A Sporting Chance

I have a confession to make. I don’t do sports. I don’t participate and I have utterly no interest in watching sports. I’ve never understood the sports mentality – the team loyalty, the matching outfits, the ‘we gotta win’ attitude. Add in all those numbers and stats that people compare and analyze and either my eyes have glazed and the voice in my head is shouting ‘oh no, sports-ball’ or I’m literally snoring[1].

Football, in particular, has never held my attention. I’ve hated the idea of boys/men training to hit and tackle each other long before the scientific evidence came into play. And the game just bores me – too hard to follow, too many people and too many flags. The action comes in thirty second spurts and then there’s a break, a bunch of replays and men talking about sacks, tight ends and full backs ad nauseum.

About 12 years ago a friend and I went to a Jets game at the Meadowlands. We were both football virgins. We enjoyed the camaraderie of the tail gate thing, but once inside and in our nosebleed seats, we found it far too butch. So we man-watched and pretended to care. We left at half-time, our wallets a hundred bucks lighter for the experience.

Yesterday was different. I went in a job-related way, my tickets a thank you for the work I do on the Diversity and Inclusion Council. I took the light rail uptown with at least fifty fans, all dressed in their overpriced team merchandise. I rendezvoused with a friend and together, we walked to the stadium, adrift in a sea of turquoise. There was a real sense of comradery, a tribal spirit amongst the people.  Their shared hopes and dreams were evident as they streamed into the stadium.

After walking around a bit, we headed upstairs to the suite. It was pretty fabulous, perched over the fifty-yard line. Even I was impressed by the location. The suite was equipped with food, beverages and two lovely bathrooms – not a bad way to spend a gorgeous afternoon. Except for the whole football thing.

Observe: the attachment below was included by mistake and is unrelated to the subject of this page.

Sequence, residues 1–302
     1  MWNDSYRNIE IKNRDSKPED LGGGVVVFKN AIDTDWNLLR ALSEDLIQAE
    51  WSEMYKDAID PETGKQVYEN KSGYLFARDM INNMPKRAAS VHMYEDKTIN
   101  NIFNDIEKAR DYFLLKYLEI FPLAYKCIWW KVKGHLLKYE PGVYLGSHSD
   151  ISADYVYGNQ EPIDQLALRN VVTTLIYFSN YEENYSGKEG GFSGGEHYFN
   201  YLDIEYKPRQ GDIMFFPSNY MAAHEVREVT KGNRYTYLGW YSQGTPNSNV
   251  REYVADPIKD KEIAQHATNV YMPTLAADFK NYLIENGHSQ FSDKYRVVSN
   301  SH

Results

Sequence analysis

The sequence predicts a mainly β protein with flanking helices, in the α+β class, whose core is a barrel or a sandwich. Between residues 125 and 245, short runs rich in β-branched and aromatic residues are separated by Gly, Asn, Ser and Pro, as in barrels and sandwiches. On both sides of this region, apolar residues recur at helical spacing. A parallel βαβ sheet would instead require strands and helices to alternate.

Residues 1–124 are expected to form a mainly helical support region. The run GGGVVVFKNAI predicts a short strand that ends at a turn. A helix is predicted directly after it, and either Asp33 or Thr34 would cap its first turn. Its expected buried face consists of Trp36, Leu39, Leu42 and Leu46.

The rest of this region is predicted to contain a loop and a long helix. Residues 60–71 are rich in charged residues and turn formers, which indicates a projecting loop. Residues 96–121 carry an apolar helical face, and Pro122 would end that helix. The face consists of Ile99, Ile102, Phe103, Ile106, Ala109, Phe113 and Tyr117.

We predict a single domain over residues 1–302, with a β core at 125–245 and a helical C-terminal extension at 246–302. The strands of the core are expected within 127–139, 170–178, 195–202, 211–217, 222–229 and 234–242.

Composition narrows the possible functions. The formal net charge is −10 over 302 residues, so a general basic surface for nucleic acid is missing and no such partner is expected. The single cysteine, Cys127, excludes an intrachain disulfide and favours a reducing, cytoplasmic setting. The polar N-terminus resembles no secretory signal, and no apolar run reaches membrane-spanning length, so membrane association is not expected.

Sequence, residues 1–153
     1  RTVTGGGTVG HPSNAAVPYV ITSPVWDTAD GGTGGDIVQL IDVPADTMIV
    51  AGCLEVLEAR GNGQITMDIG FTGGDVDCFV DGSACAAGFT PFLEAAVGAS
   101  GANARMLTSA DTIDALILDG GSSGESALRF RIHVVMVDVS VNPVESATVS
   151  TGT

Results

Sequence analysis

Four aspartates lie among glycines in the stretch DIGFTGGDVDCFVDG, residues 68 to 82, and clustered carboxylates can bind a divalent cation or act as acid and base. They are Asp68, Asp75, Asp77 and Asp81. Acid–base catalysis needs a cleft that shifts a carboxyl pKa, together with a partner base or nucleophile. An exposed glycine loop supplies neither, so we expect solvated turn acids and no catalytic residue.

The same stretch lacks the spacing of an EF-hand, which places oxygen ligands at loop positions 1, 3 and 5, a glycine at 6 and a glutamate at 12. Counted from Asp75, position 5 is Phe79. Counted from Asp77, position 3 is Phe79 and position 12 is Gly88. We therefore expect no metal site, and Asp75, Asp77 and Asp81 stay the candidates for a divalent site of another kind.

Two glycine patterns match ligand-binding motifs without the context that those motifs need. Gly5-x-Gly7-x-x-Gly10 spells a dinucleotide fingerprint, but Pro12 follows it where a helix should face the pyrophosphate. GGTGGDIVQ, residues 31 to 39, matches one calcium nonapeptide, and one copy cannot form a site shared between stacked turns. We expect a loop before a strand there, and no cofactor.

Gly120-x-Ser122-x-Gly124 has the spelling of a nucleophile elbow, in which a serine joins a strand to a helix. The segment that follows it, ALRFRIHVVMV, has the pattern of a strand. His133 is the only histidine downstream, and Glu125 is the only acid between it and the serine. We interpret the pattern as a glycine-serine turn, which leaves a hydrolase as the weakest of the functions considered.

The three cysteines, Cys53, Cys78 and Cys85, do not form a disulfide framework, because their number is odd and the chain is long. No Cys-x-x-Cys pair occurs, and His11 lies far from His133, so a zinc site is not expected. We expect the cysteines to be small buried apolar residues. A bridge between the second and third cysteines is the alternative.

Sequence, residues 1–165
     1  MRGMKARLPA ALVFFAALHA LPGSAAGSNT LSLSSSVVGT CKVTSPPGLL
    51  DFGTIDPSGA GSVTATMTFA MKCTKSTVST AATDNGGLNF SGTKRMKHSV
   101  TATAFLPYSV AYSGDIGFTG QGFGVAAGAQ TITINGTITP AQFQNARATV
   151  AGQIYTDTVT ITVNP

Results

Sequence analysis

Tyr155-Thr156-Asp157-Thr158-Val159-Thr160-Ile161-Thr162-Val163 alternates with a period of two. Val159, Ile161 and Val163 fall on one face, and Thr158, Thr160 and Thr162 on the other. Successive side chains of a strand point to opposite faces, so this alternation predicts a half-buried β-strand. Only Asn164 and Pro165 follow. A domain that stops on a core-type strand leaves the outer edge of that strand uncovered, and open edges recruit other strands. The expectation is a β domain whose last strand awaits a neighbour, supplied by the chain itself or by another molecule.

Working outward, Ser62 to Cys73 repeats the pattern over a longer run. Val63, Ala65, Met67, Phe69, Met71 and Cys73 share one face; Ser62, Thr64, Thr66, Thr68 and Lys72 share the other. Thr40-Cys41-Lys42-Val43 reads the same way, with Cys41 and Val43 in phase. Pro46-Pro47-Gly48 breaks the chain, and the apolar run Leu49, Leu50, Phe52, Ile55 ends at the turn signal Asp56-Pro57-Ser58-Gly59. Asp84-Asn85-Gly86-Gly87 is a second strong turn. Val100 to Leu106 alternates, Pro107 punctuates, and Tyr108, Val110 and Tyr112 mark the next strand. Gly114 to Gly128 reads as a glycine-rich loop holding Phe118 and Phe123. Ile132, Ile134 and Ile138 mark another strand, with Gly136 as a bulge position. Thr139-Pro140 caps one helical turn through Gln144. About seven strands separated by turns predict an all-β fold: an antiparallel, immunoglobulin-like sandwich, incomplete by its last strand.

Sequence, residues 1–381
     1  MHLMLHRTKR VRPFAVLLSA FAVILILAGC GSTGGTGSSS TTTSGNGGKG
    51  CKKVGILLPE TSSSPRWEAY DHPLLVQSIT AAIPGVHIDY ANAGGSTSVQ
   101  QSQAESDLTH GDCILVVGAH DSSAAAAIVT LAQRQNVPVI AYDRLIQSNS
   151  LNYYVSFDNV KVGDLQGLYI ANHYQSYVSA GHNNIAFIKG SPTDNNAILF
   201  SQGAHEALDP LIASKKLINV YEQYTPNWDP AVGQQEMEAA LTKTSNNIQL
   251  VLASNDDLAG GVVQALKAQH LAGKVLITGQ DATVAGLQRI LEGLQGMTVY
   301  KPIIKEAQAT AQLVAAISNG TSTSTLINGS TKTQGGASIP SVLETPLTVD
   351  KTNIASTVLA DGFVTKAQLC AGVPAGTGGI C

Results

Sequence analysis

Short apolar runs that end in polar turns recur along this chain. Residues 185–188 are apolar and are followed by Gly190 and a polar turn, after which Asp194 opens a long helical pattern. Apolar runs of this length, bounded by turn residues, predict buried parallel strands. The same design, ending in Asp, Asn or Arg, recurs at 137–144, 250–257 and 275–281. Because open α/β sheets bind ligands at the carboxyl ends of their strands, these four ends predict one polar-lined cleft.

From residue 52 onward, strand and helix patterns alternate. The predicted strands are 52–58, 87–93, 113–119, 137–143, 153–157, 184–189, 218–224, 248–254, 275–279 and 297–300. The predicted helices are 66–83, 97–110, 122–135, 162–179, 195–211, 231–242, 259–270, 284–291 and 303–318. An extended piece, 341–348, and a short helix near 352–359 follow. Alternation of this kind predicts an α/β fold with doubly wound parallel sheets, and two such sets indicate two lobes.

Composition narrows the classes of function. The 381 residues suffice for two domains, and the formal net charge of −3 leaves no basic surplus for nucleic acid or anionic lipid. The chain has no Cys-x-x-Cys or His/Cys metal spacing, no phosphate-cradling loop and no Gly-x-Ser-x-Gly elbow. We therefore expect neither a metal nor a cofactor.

If it had been a cooking competition, I would have been all in. At least with those, you can learn things which you can use in real life. Even better would have been a Broadway competition – cast of Hamilton takes on the cast of Hadestown in a song and dance off. That would have been so awesome. But the closest thing to jazz hands yesterday were the sparkly Top Cats, a group of seriously underpaid women dancing with silver pom poms[2]. I was amused that they danced their opening number to a Nirvana song.

The beauty of the box was the ability to watch the game both IRL and then watch the television to actually see what happened. Plus I could do a ton of schmoozing while the game played out. There was plenty of good conversation, most not even about the game. I would sit and watch, then stand and chat, then sit again. Luckily my friend had lived through her son playing high school football and was able to explain the game to me and a sports-ball averse colleague. I cheered, chatted and yelled and had a great time. And our team won! Whoo hoo!

Of course, I found the whole ‘keep pounding’ thing hysterically funny. Seriously, wtf?! And this thing I spotted in the Team Store will give me nightmares for months. Sir Purr may be the scariest looking mascot ever, with those whiskers and the scar on his head!

It was pretty much a stadium full of people all rooting for the same team; definitely an exercise in bonding. Everyone left smiling and happy. But as much fun as the experience was, you won’t see me at a game anytime soon. Unless you grant me access to a suite filled with interesting people. That, I might tolerate. It’s a sports thing.

Enjoy,

Lauren J


[1] I couldn’t even get through the quidditch matches in the Harry Potter books. They all just got a quick skim to see how they moved the story forward.

[2] According to Google, they make $75 to $150 per game. There’s no way that could even cover the cost of maintaining their hair and makeup. They so need to unionize.

4 Comments

  1. Lauren,
    Talking about preaching to the choir! I have detested televised sports, especially football, since before I was old enough for grade school. I found that sports fans become more neanderthal the more they congregate. I’ve been dragged to a couple games in my life and each time I rooted for the visiting team because I’m a troublemaker. When I was 11, I was threatened by a full grown ‘adult’ who told me to stop cheering for those bags of [crap] unless i WANTED his foot up my [butt]. Everyone laughed and threw food at me. Needless to say, there is nothing I could care less about than sports! So, in tribute to your brilliant post, this is for you –

    Like

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